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Germany’s 72 coworking spaces have developed between them an highly active community which regularly interacts and cooperates. In September they will come together for the German Coworking Week, coordinating a whole calendar of events. And in July, the Coworking Barcamp takes place, with themes that are open to outside participants. Here’s a brief history about the coworking movement of Germany, its current prospects, and an insight into why it’s slightly different compared to other countries.
By Carsten Foertsch - Sunday, 19 June 2011

Coworking Profile Germany
Number of coworking spaces: 72
Number of desks: 1850

It wouldn’t be quite true to say that the history of coworking in Germany begins in the late 1920s. However, with a little creative license, we can trace some of its roots back to that era. During that time, Franz Biberkopf (30), a former thug, was released from jail. After years of monotony and following orders, he was enjoying his new freedom. He wandered around Berlin in search for a decent job and a life as an honest man, which offered him more than just bread and butter. Biberkopf – a fictional character from the novel “Berlin Alexanderplatz” - visited a beer and soup kitchen called Aschinger, which decades later would reopen under the name of St. Oberholz.

While St. Oberholz is a whole different establishment today, it retains some similarities to the soup kitchen it once was. The people there today, like Franz, are in their late twenties or early thirties, and are also in search of a way out of a prison of a different kind - the prison of monotony offered by white collar work, or a precarious existence.

St. Oberholz opened in 2005 as one of the first cafes in Berlin to offer free internet access and allowed people to work on their laptop, without considering them to be annoyances. The café and its visitors ended up in another book, called “We Call It Work”, which appeared a year later, describing the new form of work created by the internet.

Many of these so-called “digital bohemians” found – unlike Franz – a way to work for themselves and to earn enough money to live on without betraying their principles. Their office was an internet server, their colleagues were a network, and their currency was mutual respect. No boss were standing over them. But this way of work life was yet to be called “coworking” in Germany.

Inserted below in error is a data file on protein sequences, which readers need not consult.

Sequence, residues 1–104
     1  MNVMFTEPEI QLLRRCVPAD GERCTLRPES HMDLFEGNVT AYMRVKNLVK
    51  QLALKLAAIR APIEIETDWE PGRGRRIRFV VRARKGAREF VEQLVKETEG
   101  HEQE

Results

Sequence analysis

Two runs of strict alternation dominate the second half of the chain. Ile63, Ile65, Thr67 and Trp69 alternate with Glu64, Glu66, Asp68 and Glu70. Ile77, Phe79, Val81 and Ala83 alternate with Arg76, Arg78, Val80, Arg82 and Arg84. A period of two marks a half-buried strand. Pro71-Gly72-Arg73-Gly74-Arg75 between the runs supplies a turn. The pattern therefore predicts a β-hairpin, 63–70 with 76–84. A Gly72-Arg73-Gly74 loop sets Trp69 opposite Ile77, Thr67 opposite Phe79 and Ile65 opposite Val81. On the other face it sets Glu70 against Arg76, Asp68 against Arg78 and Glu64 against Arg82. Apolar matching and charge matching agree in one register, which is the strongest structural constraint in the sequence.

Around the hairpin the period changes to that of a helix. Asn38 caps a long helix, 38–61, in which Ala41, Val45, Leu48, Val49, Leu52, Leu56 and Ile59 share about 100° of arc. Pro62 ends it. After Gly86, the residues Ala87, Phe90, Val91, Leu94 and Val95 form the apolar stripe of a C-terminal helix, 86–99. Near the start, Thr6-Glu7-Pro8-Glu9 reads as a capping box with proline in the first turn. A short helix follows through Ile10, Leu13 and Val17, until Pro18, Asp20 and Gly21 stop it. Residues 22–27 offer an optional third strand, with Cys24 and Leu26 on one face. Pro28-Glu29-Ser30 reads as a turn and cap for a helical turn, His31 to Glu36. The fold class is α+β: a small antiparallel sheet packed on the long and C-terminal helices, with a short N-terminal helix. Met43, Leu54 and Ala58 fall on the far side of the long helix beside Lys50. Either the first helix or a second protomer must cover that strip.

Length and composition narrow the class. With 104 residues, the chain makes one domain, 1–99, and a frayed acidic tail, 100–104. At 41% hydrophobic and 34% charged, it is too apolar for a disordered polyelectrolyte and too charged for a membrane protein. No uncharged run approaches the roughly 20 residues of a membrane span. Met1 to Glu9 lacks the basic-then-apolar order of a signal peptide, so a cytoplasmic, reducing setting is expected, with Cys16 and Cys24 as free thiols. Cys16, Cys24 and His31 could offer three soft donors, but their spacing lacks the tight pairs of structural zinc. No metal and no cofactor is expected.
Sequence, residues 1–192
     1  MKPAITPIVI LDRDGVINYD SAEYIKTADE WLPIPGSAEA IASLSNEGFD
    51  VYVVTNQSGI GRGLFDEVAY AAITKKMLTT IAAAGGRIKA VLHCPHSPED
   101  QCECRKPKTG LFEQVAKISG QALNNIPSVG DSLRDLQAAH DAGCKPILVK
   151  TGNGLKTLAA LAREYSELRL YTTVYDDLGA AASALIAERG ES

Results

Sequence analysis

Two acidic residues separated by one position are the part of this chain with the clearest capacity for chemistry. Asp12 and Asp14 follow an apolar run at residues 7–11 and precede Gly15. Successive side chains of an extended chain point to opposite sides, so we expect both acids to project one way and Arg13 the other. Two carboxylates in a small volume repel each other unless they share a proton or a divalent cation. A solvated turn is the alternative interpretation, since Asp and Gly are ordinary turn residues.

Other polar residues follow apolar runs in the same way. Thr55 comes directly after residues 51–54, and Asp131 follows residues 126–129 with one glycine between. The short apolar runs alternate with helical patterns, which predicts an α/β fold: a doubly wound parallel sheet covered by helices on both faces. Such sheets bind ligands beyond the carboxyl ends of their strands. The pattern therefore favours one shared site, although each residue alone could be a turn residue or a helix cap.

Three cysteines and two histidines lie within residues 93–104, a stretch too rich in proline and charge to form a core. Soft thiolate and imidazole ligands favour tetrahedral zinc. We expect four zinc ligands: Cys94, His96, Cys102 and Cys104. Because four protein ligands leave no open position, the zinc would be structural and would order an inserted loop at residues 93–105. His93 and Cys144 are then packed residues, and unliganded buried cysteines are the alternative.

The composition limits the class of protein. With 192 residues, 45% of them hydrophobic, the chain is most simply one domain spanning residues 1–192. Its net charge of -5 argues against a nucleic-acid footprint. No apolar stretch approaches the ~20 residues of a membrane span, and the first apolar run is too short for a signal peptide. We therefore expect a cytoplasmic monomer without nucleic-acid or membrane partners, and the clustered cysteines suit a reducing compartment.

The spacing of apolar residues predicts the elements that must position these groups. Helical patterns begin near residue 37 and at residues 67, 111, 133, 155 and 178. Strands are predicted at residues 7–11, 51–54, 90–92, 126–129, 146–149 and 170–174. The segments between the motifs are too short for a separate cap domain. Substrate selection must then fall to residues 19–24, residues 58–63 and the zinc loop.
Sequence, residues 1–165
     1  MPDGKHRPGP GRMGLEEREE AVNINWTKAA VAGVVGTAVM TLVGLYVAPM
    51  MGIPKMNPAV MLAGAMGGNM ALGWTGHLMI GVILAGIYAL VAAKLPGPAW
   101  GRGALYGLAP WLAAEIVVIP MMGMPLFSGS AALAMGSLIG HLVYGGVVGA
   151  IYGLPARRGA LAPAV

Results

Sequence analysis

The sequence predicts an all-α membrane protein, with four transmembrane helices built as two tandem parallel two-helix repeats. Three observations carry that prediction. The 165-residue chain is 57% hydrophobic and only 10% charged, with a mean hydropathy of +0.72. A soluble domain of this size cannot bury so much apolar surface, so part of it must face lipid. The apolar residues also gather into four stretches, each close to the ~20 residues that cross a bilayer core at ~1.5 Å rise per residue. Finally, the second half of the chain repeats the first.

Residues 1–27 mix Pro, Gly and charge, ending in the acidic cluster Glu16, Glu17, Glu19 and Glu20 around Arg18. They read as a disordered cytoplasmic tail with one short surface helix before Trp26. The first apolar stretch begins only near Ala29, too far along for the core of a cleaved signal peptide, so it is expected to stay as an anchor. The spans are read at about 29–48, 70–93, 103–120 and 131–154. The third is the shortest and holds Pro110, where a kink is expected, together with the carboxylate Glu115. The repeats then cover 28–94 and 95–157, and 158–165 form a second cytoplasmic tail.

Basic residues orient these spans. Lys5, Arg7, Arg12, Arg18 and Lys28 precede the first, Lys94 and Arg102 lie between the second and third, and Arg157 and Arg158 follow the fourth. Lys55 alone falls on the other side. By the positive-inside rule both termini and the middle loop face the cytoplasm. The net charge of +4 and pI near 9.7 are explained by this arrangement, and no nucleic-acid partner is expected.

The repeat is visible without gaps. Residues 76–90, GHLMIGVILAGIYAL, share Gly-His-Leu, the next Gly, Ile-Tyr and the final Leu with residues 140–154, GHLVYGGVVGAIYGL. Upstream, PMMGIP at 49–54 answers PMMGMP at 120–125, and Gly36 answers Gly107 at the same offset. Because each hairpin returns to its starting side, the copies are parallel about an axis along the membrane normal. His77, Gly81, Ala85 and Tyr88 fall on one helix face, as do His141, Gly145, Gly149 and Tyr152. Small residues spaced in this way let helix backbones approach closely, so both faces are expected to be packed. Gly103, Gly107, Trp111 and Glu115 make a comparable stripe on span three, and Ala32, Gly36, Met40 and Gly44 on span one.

The term “digital bohemians” was quickly taken up by the German media, and the book marked a turning point. It described a common identity that participants of this movement shared in all over Germany. The first coworking space in Berlin seemed to reference the book title in its name – The Business Class Net, which was meant both ironically and seriously. Even if we don’t fly business class, we also work. And to make the point, it opened on Labour Day.

The book was followed by a conference in 2007 under the title of ‘9 to 5 Festival’, with more than 100 speakers, from the founder of St Oberholz to Frithjof Bergman, a long-time theorist of the “new labour market”. About 500 visitors discussed the idea of self-organized collectives on the public stage.

As one of the results, the organizer of the festival, Sebastian Sooth, teamed up with Alexander Lang to create a wiki-style listing page to inform people about these new places of work – the German-language website Sooth went on to open Studio70 and Lang opened co.up (first called Upstream), two of the first-generation coworking spaces in Berlin.

In 2009, Betahaus took the concept to a new level in terms of size and media attention. Since then, the market has boomed, with a total of 72 coworking spaces in Germany to date.